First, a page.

Mackley completes Hastings harbour project

Mackley has successfully completed a project to maintain the structural integrity of the harbour arm in the historic town of Hastings on the Sussex coast.

The scheme, carried out on behalf of Hastings Borough Council, is designed to provide two important functions – to protect and retain the beach to the west, and protect the harbour to the east from the prevailing south westerly waves.

This beach is the main amenity beach in Hastings and also serves as part of the sea defence system, protecting the highway and building infrastructure including the proposed new Pelham Place development.

The works involved re-facing the landward structure with concrete and reinforcing the seaward structure with rock armour.

A site compound was established at the top of the beach adjacent to the RNLI building, which remained operational throughout the works, with uninterrupted access to the sea.

The works commenced with the installation of formwork supports into the existing harbour arm, with a 50t tracked excavator. With the supports in place, dowel bars and mesh reinforcing were then installed – with shutters installed immediately prior to pouring the concrete, to minimise the risk of damage from waves.

The inner section of the Harbour Arm was refaced with a total of 340m³ of 300mm thick concrete. Once the wall sections were cast the top slab was placed, thereby completing the encasement.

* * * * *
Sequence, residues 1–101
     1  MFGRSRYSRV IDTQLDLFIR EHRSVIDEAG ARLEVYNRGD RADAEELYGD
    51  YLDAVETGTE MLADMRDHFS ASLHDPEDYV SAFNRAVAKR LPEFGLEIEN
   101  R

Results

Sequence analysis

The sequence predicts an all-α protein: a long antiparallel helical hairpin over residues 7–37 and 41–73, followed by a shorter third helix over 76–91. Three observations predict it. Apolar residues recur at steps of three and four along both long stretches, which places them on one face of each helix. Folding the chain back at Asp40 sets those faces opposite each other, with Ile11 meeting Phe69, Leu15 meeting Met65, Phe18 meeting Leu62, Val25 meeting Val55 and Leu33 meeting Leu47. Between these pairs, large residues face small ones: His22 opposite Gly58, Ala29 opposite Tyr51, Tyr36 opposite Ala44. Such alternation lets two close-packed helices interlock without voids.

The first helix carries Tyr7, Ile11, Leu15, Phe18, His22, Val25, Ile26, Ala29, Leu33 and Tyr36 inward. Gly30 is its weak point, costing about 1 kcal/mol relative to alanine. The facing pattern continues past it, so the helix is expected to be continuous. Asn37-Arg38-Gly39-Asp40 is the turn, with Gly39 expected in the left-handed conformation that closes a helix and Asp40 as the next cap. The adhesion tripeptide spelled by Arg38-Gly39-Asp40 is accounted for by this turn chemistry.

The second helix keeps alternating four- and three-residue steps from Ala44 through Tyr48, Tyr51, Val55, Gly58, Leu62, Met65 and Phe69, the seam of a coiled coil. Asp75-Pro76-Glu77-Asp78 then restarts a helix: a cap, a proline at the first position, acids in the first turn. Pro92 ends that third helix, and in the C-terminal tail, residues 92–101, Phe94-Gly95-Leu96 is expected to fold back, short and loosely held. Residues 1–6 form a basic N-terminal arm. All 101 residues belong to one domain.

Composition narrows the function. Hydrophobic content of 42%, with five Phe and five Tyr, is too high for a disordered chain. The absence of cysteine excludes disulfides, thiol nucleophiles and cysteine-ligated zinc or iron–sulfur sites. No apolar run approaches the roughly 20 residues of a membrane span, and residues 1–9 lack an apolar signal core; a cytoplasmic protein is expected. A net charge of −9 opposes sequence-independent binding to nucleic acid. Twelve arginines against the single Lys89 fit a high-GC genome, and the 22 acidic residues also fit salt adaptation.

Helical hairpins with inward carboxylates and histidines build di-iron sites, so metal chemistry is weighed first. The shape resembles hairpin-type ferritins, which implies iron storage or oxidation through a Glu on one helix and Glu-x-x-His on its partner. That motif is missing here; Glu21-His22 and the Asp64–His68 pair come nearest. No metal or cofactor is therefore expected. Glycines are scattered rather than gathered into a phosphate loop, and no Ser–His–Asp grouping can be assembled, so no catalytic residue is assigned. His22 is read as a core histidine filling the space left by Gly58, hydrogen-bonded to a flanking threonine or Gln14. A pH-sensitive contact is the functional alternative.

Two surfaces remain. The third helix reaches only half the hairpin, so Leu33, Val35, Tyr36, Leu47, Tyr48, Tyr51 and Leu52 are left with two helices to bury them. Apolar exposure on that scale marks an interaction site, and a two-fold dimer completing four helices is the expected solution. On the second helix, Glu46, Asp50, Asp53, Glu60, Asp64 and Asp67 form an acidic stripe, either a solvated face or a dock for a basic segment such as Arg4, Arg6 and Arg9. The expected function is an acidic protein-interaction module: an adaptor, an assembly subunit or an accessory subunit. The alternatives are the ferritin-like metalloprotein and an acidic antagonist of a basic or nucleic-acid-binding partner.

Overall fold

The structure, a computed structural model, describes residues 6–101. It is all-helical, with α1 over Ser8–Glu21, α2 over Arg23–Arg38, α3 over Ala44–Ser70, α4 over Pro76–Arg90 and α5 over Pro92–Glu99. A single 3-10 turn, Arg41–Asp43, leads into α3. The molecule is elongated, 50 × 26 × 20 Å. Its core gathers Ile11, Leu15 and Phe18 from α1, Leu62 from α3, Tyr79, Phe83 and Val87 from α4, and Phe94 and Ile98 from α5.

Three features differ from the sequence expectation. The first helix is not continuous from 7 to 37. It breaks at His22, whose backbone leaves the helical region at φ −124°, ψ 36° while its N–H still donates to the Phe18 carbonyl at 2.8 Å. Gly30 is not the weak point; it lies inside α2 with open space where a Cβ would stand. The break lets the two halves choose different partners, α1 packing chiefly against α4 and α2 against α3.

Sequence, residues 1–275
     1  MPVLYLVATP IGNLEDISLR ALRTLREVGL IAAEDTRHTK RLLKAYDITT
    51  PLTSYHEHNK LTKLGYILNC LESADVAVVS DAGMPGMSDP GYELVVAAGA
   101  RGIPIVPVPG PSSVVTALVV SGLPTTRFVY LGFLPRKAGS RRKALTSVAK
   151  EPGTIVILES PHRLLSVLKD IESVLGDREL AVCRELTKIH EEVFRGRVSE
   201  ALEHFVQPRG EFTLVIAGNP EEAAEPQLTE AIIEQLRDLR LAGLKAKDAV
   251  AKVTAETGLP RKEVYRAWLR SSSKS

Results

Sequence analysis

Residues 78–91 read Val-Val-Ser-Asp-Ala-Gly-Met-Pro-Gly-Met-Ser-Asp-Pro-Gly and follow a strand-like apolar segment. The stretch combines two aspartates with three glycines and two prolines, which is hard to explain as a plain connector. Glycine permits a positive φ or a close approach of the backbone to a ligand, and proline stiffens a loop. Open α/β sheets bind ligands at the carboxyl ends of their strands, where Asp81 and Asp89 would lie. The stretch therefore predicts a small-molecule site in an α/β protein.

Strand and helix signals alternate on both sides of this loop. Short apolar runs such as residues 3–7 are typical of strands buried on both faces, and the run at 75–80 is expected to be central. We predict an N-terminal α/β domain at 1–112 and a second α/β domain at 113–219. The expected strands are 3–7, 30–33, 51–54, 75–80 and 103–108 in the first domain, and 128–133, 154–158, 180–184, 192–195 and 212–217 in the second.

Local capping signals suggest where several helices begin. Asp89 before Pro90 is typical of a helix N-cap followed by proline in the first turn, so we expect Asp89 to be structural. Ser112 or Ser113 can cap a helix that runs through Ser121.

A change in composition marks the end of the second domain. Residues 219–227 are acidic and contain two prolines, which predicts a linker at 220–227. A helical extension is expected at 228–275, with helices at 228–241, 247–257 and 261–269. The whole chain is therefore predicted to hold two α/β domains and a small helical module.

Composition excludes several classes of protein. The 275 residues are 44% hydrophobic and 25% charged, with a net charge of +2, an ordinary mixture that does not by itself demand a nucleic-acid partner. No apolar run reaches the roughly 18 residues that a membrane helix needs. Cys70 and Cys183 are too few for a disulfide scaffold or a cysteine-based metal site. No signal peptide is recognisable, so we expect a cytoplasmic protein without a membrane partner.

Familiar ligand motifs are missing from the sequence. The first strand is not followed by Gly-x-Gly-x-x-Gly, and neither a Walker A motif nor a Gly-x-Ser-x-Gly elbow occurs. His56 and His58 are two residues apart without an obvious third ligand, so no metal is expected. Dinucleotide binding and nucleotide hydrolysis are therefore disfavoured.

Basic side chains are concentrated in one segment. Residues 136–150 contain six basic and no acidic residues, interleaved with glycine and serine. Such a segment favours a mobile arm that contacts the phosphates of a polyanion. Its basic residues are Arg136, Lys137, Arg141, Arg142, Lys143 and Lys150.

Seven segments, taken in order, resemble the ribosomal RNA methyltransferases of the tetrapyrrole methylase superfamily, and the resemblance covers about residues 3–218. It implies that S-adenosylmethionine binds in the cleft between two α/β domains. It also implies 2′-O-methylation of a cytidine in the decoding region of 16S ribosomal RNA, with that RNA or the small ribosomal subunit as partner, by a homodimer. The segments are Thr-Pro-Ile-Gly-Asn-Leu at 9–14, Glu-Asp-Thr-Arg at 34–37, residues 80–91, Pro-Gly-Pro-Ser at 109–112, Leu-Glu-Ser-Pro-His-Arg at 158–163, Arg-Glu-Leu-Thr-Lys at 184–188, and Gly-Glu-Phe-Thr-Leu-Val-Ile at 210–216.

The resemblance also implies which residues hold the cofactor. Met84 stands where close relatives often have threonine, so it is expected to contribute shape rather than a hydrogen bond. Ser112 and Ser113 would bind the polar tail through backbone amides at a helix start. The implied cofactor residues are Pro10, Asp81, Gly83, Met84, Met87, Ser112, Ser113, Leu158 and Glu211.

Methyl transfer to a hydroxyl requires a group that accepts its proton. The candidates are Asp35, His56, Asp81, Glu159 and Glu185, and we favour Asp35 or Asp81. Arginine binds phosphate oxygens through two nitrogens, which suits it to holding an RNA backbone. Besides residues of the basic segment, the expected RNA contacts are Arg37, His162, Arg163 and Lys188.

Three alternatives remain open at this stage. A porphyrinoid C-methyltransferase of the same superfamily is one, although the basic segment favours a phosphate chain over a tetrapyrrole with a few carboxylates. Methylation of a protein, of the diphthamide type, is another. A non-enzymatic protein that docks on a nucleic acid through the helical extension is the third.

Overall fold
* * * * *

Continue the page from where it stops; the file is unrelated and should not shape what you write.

The concrete was placed working from the outer end of the arm back towards the shore, so as not to cut off access. To make the most of low tide windows, the lower panels were installed on spring tides; while the upper panels, which were less tidally affected, were placed during normal working hours.

Once the concrete refacing works were complete the project was suspended over the winter 2017/18 period and construction began again in spring 2018 with the rock works.

The 6-9 tonne granite rocks were sourced from Cornwall and delivered by sea. Upon delivery the rocks were unloaded from a rock barge into an agreed rock landing zone, demarcated with buoys, to avoid the RNLI lifeboat and fishing boats access routes. A total of 14,500m³ of rock protection was delivered by sea to the toe of the beach by tracked excavators located on the 2,000tn and 5,000tn barges used to transport the rock.

The rocks were then retrieved at low water by excavators and dump trucks for placing into their final position. This included 6-9 tonne armour rock with crest level +5.5m OD placed against both west and east sides of the structure and on top of the middle part of the structure where there were gaps.

The existing stabits and broken concrete surrounding the structure was restacked to form the core, together with 0.5 -1.0 tonne rocks to the base of the armour layers, using a powerful 90t long reach excavator with a rock grab – together with one tonne rocks to the base of the armour layers. The rock placement was guided by a virtual 3D model on screens in the excavators. A geotextile and filter layer were used as the base for the new rock.

The Harbour arm repairs were completed by installing new hand railing and reinstating the beach and compound area.


07 February 2019

Posted in News.